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News Releases from Region 01

Poor Air Quality Expected for much of Southern New England on Wednesday

Contact Information: 
Emily Bender (bender.emily@epa.gov)

Boston, Mass. – Poor air quality, due to ground-level ozone, is expected for Connecticut, Rhode Island, and eastern Massachusetts, including the Boston Metro area, on Wednesday, July 6. A map of these areas can be found at: https://www3.epa.gov/region1/airquality/forecast.html. The poorest air quality in this area usually occurs from 11 am to 11 pm. Unhealthy air quality is expected to continue into Thursday.

"With the onset of warmer weather, we are expecting unhealthy air quality for both Wednesday and Thursday in much of New England," said Curt Spalding, Administrator of EPA's New England office. "On these days, EPA and the medical community suggest that people limit their strenuous outdoor activity."

On October 1, 2015, EPA strengthened the ozone standard to a more protective level of 0.070 parts per million (ppm). This level is chosen, because it is requisite to protect public health. The older standard did not provide the same level of health protection. So far this year, there have been 12 days in New England when ozone concentrations have exceeded the standard (an exceedance). (A preliminary list of this summer's ozone exceedances can be found at https://www3.epa.gov/region1/airquality/o3exceed-16.html)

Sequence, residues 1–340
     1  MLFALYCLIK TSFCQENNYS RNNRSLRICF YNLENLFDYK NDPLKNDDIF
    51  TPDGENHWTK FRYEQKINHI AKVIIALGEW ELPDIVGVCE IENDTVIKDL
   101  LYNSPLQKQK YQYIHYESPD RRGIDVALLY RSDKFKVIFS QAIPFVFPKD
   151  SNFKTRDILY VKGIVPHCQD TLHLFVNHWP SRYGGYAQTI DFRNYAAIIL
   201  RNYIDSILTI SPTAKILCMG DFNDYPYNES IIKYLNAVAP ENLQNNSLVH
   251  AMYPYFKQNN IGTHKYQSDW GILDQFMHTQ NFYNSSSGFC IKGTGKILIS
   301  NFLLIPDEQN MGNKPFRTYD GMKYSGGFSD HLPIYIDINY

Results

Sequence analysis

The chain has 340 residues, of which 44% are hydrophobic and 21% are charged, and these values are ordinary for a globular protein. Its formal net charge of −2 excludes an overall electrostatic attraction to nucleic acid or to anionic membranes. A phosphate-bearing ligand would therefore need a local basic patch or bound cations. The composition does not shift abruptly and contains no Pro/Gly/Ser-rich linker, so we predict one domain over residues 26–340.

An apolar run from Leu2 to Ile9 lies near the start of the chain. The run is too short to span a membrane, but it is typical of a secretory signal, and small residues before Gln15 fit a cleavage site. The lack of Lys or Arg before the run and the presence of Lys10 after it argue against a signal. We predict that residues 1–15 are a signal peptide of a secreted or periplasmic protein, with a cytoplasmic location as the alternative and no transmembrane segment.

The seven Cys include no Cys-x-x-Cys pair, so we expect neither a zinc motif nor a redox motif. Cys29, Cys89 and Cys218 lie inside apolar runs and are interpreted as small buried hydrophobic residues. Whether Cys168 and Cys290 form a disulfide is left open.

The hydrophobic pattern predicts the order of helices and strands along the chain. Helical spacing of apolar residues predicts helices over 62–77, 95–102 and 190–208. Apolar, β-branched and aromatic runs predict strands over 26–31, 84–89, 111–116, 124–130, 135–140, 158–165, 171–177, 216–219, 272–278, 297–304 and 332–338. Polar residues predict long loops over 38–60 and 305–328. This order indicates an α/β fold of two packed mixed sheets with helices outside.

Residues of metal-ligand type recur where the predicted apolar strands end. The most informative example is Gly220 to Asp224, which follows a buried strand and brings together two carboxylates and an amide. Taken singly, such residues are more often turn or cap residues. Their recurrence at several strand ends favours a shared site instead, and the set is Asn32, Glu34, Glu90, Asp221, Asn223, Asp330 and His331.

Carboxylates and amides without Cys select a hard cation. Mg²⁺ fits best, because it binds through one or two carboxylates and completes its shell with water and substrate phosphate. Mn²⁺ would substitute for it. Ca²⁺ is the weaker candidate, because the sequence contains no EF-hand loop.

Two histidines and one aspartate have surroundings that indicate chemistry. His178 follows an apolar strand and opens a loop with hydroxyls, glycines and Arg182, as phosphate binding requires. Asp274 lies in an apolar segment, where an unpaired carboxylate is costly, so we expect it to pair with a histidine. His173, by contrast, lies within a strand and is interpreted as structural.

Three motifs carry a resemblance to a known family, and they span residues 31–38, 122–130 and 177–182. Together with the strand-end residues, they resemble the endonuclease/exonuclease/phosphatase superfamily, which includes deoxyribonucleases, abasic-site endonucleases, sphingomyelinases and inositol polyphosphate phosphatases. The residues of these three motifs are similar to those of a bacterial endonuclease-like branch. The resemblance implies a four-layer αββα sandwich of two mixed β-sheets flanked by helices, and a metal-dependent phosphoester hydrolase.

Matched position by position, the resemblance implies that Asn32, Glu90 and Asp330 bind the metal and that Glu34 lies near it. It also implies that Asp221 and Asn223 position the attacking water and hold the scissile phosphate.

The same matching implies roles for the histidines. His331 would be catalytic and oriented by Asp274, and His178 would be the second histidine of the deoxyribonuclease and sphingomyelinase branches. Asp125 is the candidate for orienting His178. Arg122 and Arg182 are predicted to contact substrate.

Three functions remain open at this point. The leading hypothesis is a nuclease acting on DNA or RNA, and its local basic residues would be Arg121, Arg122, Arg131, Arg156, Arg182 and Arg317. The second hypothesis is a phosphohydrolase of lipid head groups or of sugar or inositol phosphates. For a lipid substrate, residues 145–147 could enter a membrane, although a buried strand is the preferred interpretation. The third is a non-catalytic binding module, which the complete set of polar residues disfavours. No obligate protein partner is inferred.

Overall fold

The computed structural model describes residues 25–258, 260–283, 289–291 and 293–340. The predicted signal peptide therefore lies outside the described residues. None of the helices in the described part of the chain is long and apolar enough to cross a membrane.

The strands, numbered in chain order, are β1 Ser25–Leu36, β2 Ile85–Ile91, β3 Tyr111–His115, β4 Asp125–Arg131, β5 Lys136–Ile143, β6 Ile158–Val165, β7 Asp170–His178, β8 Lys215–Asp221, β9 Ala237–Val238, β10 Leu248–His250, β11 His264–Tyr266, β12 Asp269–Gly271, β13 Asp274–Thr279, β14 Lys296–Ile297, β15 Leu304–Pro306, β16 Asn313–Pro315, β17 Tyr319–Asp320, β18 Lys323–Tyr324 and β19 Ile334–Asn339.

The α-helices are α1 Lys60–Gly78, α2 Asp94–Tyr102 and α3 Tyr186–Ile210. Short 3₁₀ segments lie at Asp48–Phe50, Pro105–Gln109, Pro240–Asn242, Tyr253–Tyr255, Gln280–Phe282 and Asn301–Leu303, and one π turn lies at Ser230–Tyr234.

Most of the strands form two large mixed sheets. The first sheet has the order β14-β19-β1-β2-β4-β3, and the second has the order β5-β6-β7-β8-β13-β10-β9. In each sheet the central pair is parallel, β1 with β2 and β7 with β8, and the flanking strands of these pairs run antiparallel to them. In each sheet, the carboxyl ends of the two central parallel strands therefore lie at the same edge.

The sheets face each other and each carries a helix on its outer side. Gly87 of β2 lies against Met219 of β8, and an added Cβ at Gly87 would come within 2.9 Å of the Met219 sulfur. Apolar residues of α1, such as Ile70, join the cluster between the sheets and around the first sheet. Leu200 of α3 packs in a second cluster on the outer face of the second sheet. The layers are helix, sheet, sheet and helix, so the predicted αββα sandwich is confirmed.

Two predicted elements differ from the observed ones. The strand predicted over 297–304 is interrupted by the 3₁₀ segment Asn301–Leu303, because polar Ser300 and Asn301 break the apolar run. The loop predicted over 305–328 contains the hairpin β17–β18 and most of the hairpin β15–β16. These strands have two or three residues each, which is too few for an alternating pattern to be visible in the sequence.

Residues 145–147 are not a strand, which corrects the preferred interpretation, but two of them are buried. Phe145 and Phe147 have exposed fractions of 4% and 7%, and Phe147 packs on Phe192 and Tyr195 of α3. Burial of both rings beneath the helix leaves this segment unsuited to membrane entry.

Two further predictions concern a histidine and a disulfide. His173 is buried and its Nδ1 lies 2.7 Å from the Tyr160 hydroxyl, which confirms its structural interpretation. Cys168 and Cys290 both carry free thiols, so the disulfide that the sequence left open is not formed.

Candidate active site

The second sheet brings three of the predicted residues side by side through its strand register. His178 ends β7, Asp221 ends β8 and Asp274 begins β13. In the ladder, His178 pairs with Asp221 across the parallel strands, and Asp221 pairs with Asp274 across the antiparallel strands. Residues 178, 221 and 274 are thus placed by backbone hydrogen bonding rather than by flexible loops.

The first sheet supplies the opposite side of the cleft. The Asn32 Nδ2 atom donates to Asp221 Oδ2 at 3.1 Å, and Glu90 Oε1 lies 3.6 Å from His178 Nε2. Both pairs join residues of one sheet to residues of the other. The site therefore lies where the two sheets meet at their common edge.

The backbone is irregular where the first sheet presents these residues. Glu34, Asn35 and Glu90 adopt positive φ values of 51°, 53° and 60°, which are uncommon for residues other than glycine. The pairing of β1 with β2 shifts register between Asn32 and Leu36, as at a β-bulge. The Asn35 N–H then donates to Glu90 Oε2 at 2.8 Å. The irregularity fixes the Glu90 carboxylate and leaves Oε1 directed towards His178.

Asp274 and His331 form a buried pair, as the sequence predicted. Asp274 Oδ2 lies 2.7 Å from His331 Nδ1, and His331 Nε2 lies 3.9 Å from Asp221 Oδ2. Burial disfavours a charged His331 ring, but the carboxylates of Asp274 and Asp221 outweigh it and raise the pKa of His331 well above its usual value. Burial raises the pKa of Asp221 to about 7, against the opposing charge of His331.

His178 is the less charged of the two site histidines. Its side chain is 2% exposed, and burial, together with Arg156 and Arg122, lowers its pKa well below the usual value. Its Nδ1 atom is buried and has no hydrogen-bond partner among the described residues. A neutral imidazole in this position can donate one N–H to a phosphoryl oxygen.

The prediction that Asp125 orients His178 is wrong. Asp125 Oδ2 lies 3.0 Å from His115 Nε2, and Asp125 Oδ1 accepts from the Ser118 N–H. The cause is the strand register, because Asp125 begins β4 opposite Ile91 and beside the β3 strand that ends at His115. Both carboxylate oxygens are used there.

Exposure to elevated ozone levels can cause breathing problems, aggravate asthma and other pre-existing lung diseases, and make people more susceptible to respiratory infection. When ozone levels are elevated, people should refrain from strenuous outdoor activity, especially sensitive populations such as children and adults with respiratory problems.

Ground-level ozone forms when volatile organic compounds and oxides of nitrogen (ozone precursors) interact in the presence of strong sunshine. Cars, trucks and buses give off the majority of the pollution create ozone. Gasoline stations, print shops, household products like paints and some cleaners, as well as lawn and garden equipment also add to the ozone problem.

When ozone is forecast to be unhealthy for sensitive groups, EPA asks the public to take action. The public can help reduce ozone by:

  • use public transportation or walk whenever possible;
  • combine errands and car-pool to reduce driving time and mileage;
  • use less electricity by turning air conditioning to a higher temperature setting, and turning off lights, TVs and computers when they are not being used; and
  • avoid using small gasoline-powered engines, such as lawn mowers, string trimmers, chain saws, power-washers, air compressors and leaf blowers on unhealthy air days.

EPA and the New England states provide real-time ozone data and air quality forecasts at https://www3.epa.gov/region1/airquality/forecast.html. This website can also be used to sign up to receive free air quality alerts by e-mail when poor air quality is predicted for a particular area. National real-time air quality data from AirNow is also available on smart phones with free iPhone and Android apps, available for download at https://www.airnow.gov/